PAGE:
How Shampoo Works: Surfactants and Conditioning Agents
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There are so many things we do on a daily basis without thinking. We wake up, brush our teeth, take a shower and go to work. Our routines define us and allow us to live productive lives. Routines very often replace the why with the what. When it comes to showering and washing with shampoo we know the what but not necessarily the why. I mean, what is shampoo exactly? What makes it shampoo as opposed to body wash or hand cleanser? How does shampoo work?
How Does Shampoo Work?
The human head is a wondrous place. Our ancestors used to be covered in hair. Modern humans only have hair in a select few places. The head is the most noticeable. It consists of hundreds of thousands of hairs that all come together to create your hair. The follicles pick up dirt from the environment. There is also sweat and sebum that build up on your scalp and hair. In order to keep your hair and scalp looking and feeling great you have to wash it. That is where shampoo comes in. It is specially formulated with oils and other chemicals that work especially well with hair. Between the surfactants and the conditioning agents your hair is left clean and soft without stripping away too much of the natural sebum oil from the follicles. It is a fine dance.
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What Are Surfactants?
Have you ever gotten oil or grease on your hands? If you have you know how frustrating it is to clean it off. You can run all the water in the world over your hands but the oil won’t budge. When you just use water on your head the same thing is happening. The water can wash away the sweat and dirt but the oil remains. Surfactants in the case of shampoos and soaps emulsify with the oils on your head so that they can be washed with water. Some of the widely used surfactants are sodium lauryl sulfate and sodium laureth sulfate. Some people think these chemicals are dangerous but the evidence is inconclusive.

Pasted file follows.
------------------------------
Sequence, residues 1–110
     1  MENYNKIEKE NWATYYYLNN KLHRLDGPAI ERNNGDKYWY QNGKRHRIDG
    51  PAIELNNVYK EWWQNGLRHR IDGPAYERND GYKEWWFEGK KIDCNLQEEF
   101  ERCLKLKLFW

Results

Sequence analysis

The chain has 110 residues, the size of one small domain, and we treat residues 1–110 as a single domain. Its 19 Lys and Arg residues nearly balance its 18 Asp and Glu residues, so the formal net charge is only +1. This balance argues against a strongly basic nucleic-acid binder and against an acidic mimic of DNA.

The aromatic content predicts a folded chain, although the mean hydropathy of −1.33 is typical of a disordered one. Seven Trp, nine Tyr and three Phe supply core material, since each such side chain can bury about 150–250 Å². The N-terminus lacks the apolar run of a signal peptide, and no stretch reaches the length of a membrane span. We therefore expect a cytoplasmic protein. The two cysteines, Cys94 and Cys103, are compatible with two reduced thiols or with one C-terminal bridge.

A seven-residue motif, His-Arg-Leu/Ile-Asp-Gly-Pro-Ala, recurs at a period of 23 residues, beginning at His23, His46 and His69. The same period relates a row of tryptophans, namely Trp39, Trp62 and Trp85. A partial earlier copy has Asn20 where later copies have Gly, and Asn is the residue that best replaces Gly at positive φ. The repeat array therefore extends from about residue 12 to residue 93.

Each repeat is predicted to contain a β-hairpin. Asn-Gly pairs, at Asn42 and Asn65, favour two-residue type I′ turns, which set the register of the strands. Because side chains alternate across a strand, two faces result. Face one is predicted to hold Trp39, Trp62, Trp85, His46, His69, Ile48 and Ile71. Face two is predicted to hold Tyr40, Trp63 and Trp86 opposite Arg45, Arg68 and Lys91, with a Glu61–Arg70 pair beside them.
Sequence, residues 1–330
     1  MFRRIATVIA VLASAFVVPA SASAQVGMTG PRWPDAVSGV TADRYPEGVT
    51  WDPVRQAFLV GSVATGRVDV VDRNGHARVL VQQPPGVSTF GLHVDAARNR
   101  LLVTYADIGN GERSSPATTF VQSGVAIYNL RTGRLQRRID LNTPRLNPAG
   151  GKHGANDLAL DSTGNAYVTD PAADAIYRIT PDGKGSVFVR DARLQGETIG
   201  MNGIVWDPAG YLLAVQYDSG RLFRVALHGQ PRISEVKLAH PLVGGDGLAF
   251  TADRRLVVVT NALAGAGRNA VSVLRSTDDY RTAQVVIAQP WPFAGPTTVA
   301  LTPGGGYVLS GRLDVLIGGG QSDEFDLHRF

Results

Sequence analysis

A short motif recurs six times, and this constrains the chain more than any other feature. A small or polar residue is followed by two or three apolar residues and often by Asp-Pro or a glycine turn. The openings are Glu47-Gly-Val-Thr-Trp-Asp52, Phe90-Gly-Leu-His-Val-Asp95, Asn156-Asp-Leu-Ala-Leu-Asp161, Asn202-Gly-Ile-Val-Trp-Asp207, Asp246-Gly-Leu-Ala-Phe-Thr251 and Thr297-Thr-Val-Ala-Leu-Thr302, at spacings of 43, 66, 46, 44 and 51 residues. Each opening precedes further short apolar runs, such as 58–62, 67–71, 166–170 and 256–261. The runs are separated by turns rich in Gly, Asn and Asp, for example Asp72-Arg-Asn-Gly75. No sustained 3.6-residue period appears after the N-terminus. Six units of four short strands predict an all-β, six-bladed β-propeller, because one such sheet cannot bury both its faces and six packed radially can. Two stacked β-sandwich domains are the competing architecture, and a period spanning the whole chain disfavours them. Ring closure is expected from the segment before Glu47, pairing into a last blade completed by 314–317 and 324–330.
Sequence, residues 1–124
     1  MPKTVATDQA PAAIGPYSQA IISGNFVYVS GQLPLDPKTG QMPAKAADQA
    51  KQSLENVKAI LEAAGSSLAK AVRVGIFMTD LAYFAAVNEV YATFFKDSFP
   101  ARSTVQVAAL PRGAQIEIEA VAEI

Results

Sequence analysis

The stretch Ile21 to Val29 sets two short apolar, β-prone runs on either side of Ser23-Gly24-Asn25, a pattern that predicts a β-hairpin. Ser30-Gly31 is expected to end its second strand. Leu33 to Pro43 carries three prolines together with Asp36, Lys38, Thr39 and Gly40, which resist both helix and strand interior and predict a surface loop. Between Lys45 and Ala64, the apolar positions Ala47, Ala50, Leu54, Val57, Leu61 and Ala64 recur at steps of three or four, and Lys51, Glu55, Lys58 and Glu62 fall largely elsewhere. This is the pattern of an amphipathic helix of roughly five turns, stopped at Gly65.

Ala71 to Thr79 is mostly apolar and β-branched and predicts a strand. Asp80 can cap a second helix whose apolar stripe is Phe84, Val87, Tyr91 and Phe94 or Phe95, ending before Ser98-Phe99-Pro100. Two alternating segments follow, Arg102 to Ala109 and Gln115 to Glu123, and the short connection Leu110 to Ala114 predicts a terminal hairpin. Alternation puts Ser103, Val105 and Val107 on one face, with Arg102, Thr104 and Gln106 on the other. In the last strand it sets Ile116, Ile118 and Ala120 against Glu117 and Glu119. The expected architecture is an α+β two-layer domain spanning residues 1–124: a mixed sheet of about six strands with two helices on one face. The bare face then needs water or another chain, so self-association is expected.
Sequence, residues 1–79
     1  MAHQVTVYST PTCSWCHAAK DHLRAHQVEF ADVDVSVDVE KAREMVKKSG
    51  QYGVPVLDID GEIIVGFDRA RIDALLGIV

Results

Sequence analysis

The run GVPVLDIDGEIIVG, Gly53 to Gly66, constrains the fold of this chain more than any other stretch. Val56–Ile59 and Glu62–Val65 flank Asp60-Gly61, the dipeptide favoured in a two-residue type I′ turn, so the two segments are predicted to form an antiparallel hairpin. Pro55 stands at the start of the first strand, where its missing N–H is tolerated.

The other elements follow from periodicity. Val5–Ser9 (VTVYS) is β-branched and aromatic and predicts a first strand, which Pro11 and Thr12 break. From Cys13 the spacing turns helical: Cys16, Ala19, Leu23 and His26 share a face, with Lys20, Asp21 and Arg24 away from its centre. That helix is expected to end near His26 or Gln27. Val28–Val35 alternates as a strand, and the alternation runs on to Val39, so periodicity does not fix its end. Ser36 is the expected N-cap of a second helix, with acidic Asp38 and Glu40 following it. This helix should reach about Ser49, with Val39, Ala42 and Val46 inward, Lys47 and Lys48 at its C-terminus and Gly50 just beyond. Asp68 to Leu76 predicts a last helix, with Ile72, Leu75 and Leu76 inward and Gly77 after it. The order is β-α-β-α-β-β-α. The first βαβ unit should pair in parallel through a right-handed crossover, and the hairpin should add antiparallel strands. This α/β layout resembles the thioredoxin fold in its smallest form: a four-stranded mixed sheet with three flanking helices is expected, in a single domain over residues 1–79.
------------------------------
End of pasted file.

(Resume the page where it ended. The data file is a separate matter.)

What Are Conditioning Agents?
When we wash our hair we want to get rid of all the dirt and grease. This can sometimes leave our hair dry. That’s why conditioning agents are added to the shampoo. They condition and coat the hair to keep it moisturized and soft. You can use a standalone hair conditioner but most shampoos come with some conditioner in the formula. The conditioning agents also act as a detangler. Because the conditioner lubricates the follicles they can easily untangle making your hair way more manageable than before. The conditioner also helps to prevent static which can make your hair frizzy.
Many shampoos add their own blend of essential oils to help fortify and replenish the scalp and hair. For instance many dandruff shampoos add tea tree oil because of its anti-bacterial and fungal properties. Fragrance is usually added as well to leave your hair smelling nice. There is something called purple shampoo where purple dye is added to combat brassiness in blond hair.
Shampoo is something we use on nearly a daily basis. It is important to begin to understand what it does and how it does it. There are many different types of shampoo on the market and they all have their own unique formulas. The type of hair you have will effect the type of shampoo you should use. I really only touched the surface on the topic of shampoo but I hope you can now wash with a bit more confidence!